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Former President Bush (41) reflects on his legacy, including 'Read my lips'

Brad KnickerbockerThe Christian Science Monitor

One of the most powerful unelected men in Washington for years has been Grover Norquist, president of Americans for Tax Reform.

He’s most famous for pressuring members of Congress and other elective offices – more than 1,100 to date – to sign a “Taxpayer Protection Pledge” in which they “solemnly bind themselves to oppose any and all tax increases.”

In 2010, 88 percent of Republican “Young Gun” congressional candidates signed the pledge, according to a Huffington Post tally, although that seems to be dropping off in 2012 as more incumbents and first-time candidates assert their independence.

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One politician who signed the pledge way back in 1987 and still gets pretty steamed over it is former president George H. W. Bush.

Running for the presidency a year later he made perhaps his most famous pronouncement: “Read my lips: No new taxes” – a pledge he broke in compromising with congressional Democrats. Four years later, “Read my lips” came back to haunt him when he lost his re-election bid to Bill Clinton.

Today, Mr. Bush says, “The rigidity of those pledges is something that I don’t like. You know, the circumstances change and you can’t be wedded to some formula by Grover Norquist…. Who the hell is Grover Norquist, anyway?”

That was in an interview in this weekend’s edition of Parade Magazine.

Asked to respond, Mr. Norquist told Huffington Post, “He didn't lose this election because he lied to me, he lost the next election because he didn't keep his word to the American people.” But, adds Norquist, "It was 22 years ago. Let's give the guy some slack.”

"He had an otherwise successful presidency,” he says. “He got Iraq out of Kuwait without occupying the place for a decade – he ought to have a conversation with his son about how you do that. But he had one big hole in the bottom of the boat, and that was a tax increase."

Interviewed with Mrs. Barbara Bush by presidential historian Mark Updegrove at their home in Kennebunkport, Maine, Mr. Bush commented on other aspects of his political and family legacy.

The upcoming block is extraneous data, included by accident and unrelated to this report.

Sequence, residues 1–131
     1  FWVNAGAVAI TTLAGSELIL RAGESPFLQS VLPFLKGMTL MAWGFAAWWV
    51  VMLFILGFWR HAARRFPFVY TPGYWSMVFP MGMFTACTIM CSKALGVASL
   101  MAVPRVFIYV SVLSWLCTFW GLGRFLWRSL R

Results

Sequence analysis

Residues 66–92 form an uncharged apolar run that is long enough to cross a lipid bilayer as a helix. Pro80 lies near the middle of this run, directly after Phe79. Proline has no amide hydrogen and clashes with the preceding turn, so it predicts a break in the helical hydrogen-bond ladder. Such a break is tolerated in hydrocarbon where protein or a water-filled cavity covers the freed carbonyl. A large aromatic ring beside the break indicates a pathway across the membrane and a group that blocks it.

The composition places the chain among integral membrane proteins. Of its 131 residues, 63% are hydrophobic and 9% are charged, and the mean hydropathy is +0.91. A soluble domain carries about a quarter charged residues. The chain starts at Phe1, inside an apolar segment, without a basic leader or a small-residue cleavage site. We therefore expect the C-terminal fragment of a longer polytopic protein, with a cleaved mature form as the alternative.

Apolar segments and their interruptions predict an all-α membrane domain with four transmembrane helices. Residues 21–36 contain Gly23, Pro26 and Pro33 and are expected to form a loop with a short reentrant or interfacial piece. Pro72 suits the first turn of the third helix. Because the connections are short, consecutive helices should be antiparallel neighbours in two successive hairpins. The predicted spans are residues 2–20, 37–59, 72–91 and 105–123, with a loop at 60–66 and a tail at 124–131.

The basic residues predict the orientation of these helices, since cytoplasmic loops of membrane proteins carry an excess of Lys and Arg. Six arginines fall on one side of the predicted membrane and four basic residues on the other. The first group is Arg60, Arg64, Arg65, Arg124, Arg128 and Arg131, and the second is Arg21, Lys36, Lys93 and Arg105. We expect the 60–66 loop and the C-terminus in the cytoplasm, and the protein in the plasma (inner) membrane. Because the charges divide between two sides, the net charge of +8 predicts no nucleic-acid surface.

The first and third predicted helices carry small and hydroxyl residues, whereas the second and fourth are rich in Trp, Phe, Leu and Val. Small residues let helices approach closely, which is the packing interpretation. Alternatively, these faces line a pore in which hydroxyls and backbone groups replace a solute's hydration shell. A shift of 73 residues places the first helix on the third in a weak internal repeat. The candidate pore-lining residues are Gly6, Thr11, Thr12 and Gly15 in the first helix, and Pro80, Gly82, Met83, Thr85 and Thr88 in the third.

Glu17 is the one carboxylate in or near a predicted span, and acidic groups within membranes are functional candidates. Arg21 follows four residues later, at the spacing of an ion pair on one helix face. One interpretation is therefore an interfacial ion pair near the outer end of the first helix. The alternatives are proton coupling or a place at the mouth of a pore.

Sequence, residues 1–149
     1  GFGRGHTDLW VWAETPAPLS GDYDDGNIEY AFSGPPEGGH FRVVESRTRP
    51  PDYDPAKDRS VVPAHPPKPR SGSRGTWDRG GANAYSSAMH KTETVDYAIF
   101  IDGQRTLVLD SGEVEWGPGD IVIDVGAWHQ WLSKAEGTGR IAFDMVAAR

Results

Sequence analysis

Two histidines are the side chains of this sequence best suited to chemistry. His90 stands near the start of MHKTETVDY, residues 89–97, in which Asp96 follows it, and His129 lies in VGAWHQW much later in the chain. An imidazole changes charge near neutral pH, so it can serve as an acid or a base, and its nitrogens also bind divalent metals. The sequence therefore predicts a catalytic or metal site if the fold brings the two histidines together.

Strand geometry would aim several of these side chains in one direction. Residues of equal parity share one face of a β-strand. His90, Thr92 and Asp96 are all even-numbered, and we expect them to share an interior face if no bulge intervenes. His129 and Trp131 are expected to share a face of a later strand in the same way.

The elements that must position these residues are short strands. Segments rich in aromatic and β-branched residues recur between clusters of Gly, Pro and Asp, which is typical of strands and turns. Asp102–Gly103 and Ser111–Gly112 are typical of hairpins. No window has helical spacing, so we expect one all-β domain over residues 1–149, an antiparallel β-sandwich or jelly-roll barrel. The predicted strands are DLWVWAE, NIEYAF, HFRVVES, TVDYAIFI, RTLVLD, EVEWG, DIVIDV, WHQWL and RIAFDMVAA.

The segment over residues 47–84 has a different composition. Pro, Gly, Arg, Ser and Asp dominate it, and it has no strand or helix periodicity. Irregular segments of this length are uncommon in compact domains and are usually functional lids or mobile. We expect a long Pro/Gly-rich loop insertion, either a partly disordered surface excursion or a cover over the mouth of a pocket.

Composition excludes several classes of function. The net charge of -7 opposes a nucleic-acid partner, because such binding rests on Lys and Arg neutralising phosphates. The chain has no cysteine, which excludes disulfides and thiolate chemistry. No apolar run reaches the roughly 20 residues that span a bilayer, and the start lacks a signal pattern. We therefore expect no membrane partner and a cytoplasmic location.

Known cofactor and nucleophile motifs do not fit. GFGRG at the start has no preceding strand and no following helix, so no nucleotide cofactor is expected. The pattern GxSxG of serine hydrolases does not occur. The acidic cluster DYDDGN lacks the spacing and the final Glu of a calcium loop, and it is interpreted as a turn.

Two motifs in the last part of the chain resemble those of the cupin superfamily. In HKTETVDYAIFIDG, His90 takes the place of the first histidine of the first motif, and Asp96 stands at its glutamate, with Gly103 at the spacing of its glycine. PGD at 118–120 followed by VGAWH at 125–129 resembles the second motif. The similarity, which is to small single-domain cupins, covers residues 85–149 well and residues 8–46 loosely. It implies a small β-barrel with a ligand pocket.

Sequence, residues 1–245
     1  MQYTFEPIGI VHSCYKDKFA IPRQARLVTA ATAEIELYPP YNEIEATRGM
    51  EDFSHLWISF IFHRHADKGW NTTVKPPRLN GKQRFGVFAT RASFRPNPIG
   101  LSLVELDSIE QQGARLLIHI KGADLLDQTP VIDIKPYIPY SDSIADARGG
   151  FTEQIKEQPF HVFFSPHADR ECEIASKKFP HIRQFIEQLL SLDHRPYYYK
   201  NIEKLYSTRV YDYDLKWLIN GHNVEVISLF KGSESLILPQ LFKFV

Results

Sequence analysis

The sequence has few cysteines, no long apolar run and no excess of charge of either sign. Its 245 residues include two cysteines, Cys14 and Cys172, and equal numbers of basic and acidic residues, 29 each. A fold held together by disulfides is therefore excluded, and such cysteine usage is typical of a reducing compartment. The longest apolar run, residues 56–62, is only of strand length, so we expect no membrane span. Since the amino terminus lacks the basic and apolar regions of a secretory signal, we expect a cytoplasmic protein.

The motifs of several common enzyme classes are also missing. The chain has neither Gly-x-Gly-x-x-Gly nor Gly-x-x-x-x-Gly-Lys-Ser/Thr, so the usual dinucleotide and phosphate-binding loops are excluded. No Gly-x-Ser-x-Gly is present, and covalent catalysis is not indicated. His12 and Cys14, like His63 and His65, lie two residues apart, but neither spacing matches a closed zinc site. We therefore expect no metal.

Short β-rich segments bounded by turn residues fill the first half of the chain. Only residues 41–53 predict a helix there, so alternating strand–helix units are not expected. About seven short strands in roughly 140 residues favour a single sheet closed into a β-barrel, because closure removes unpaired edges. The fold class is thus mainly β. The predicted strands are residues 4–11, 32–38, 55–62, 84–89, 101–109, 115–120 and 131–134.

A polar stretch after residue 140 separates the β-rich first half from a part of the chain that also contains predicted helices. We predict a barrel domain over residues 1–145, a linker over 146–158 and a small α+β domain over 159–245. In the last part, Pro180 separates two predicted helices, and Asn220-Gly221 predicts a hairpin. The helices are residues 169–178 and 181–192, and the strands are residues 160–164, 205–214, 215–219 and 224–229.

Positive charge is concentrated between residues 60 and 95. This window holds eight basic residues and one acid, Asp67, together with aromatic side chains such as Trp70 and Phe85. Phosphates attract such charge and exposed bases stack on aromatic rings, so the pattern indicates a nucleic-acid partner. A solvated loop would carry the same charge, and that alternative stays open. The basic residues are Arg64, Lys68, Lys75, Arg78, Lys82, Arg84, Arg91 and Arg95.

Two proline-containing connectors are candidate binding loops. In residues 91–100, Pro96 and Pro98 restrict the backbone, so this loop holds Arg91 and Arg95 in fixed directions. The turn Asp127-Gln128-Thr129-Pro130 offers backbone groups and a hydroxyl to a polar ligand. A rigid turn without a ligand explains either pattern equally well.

Asked what he learned serving eight years as vice president under Ronald Reagan, he replied:

“Oh, I just learned a lot about decency, and honor, and kindness, and those broad values. He was a remarkable man and a kind guy – and generous. What I learned was more of those broad qualities than it was about individual issues. He didn’t care about the day-to-day legislation and amending the previous motion and all that kind of stuff. He was broad-gauged and on the issues he was fine.”

About his relationship with the man who defeated him 20 years ago, Mr. Bush says: “Well, he knows a lot about everything. He’s a very knowledgeable, bright man. And he sat out here one time and we talked about every possible [subject] – one after another.”

Mrs. Bush weighed in more effusively:

“He never said a mean word about anyone…. ‘My brother by another mother,’ the [Bush] boys call him. But he’s very nice – I think he thinks of George as the father he never had. Truthfully. I mean that as a great compliment. He’s been very thoughtful about calling and he’s a good fellow…. I was surprised by the fact that I liked him, truthfully. And I do like him a lot. And he and George W. have worked together. I think they’re patriots.”

How will history ultimately view George Herbert Walker Bush? the former president was asked.

“Well, I hope kindly, but I don’t know – we’re not trying to shape [history]. We’re not trying to write the memoir, [or] have the seminar to point out all the wonderful things we did. I mean, I think you’ll find out what I did right and what I did wrong. I think history will get it right.”

“I think we had an honorable administration,” he said. “I think we were relatively scandal-free and blessed by good people – getting a lot of good people involved.”

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